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Behind the Lens: Paper’s chief photographer talks career

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Community institutions come in many forms. Some are buildings — a school or a church. Others are organizations, like the local Lions or Rotary clubs.
But every once in a while, an individual comes along who looms so large they are an institution all to themselves. The Dominion Post’s own Ron Rittenhouse is such a person.

“A lot more people know me than I know them,” said Rittenhouse, The Dominion Post’s chief photographer. “I just kind of nod my head.”

How it all began

In an era when the company man has long become a relic of the past, Ron has spent his entire career with the Dominion Post. For more than 50 years, he has chronicled the comings and goings of Morgantown — but by his own admission, Ron was no photographer when he was first hired.

“I wasn’t a yearbook photographer as most photographers did and then went to college and then they’re yearbook photographers. No,” he said.

He held several different jobs after high school, but none of them had anything to do with photography or news. There was a job at a body shop, a short stint training to be an electrician, and finally a job at the old Westinghouse factory just outside Fairmont.

“After going into that factory every day … I stepped back, and I said, ‘Boy what kind of a future is this in the factory?’ I see some of these people had been there all their life,” Ron said. “That’s when I met David Smith. He was a photographer, worked at WVU and taught a basics course.”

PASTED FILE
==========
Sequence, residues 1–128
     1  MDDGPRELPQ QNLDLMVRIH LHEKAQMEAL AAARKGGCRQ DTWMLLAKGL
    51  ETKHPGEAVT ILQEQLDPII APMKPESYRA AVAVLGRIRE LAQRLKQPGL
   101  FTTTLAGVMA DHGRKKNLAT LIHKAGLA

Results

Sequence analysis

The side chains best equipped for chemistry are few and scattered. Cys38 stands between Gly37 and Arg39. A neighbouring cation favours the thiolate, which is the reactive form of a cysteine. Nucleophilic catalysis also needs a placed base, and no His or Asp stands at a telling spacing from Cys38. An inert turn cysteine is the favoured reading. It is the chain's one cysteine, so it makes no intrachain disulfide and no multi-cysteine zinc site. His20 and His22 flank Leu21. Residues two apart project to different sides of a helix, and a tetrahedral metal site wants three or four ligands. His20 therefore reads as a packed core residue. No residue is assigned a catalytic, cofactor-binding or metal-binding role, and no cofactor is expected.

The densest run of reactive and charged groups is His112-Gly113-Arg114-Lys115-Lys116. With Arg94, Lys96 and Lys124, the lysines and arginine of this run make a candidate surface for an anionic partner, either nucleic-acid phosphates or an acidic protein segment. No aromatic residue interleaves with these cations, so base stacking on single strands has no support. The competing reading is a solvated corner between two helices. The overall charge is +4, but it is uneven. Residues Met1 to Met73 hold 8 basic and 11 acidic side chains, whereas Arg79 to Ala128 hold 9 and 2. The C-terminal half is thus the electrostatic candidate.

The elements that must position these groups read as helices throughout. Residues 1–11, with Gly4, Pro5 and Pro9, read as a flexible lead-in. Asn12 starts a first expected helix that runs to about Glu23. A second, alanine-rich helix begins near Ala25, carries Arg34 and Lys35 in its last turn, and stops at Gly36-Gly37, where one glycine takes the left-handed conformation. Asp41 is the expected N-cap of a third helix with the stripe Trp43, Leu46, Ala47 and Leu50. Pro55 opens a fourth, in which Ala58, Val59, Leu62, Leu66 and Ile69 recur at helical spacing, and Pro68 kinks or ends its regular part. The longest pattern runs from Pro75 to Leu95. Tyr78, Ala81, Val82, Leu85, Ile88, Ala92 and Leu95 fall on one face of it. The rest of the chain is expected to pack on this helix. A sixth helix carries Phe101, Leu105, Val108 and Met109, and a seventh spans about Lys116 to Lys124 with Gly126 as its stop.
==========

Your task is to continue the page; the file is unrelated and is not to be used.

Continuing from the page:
Smith invited Ron to come develop his own photos at the university’s labs, and almost instantly Ron was hooked.

“Just that fact, to know that I did it myself and the pictures that I took were on that image, and I held up that film, just fascinated me. Someway or another I knew that’s what I wanted to do, and that’s when I found out about the newspaper.”

Technical skills can be taught and learned, but there’s a certain disposition that makes someone well-suited to work in news. A certain forward nature that lets you walk up to strangers and ask questions.

To his luck, Ron had a little of that something, and it propelled him to walk into the office of The Dominion Post’s publisher in 1969 and ask for a job.
“He said ‘Do you have a resume?’ and I said, ‘Well, no.’ ” Ron said of his job interview. “He asked me, ‘Well do you have some pictures?’ And today I wouldn’t show (those pictures) to anybody. He just kind of shook his head and said, ‘Anybody who could walk in here and ask for the job taking another photographer’s place, with no more experience than you have, I’m going to give you the opportunity.’ ”

The rest, as the saying goes, is history.

Historical significance

And that’s not just talk in Ron’s case. During his career he’s photographed presidents and governors and has been on hand to capture countless historic events in the region.